Hoosiers?
Set in 1951, the classic film about
small-town high school basketball in
Hickory, Ind. exposes a state's addiction
to the game of roundball. Basketball
means everything to Hickory coach
Norman Dale, played by Gene
Hackman, an ex-college coach who
needs a fresh start in a town where no
one knows him. Hickory soon discovers
how intense and passionate Dale is on
the court.
Hackman's controversial, yet heroic
character has become a household
name in Indiana, igniting basketball
dreams in kids born and raised in the
Hoosier state - like current Michigan
guard Gavin Groninger.
Groninger grew up in Plainfield, Ind.
- 45 minutes away from Indianapolis
- watching Hoosiers, his favorite
movie, every chance he got. It pumped
him up; it brought tears to his eyes.
And by the time Groninger began
playing basketball at Plainfield High
School, the movie and the state-wide
atmosphere Hoosiers induced, had
turned him into an excellent shooter.
Indiana is known for its great shoot-
ers, past and present. The Pacers'
Reggie Miller has spent most of his
NBA career in an unconscious zone
from behind the three-point arch in
Market Square Arena. Indiana's best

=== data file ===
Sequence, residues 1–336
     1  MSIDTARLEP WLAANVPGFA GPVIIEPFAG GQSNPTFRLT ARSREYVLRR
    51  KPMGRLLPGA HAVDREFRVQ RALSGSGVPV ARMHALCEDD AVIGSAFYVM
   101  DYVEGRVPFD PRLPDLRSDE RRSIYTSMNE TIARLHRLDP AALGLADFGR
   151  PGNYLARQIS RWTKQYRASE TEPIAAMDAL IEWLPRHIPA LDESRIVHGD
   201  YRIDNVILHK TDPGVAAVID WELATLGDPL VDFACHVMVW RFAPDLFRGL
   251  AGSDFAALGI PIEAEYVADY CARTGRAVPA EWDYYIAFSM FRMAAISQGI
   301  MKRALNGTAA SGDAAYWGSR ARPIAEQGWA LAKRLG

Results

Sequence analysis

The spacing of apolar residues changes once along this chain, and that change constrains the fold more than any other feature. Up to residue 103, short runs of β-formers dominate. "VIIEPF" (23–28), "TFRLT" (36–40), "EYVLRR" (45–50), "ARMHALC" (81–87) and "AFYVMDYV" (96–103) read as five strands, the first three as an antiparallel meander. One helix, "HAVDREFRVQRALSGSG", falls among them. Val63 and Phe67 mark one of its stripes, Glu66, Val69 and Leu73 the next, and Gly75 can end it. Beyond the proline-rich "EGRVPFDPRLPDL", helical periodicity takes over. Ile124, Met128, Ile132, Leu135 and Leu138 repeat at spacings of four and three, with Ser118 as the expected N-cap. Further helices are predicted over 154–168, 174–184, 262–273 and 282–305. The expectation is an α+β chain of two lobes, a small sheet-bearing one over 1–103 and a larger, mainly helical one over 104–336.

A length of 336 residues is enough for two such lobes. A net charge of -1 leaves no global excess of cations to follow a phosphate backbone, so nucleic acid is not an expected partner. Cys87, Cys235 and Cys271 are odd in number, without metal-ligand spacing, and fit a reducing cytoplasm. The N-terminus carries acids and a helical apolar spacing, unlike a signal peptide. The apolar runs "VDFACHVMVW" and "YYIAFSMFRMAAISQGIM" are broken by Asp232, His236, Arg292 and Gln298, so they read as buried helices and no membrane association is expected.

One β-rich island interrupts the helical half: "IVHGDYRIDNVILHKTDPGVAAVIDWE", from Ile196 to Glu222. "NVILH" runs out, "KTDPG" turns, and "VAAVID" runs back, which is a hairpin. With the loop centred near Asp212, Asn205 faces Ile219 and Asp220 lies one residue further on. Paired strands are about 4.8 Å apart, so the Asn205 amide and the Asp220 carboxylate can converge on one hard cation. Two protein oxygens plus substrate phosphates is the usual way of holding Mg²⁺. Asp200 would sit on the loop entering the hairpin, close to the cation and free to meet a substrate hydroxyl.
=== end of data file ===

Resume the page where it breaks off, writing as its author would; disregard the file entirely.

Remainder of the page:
player, A.J. Guyton, is feared for his
shooting touch.
But Groninger, the runner-up for
Indiana's Mr. Basketball as a senior at
Plainfield High, opted elsewhere when
it came time for college ball.

He turned down Indiana coach
Bobby Knight - the real-life Norman
Dale with similar motivational tactics
and a legendary temper - and Purdue
coach Gene Keady, two men who have
experienced plenty of success during
their tenures.
Instead Groninger came to Michigan
to play for Brian Ellerbe, the third-year
coach who's as nimble-legged as a
spring chicken compared to Knight and
Keady. He came to a program known in
the past for its bruising big men in the
post.
In fact, the Wolverines' best 3-point
shooter in recent times, Louis Bullock,
didn't even make it in the NBA.
But in Ann Arbor, Groninger found a
place where he could play immediately.
The Hoosiers and Boilermakers are
experienced teams which may go far in
the NCAA Tournament this March,
Michigan is a freshman-laden team in a
rebuilding stage.
Groninger also preferred Ellerbe's
"players' 'coach" style to Knight's
unpredictable scare tactids and shock-
the-world attitude.
"I trusted Ellerbe," the sharp-shooter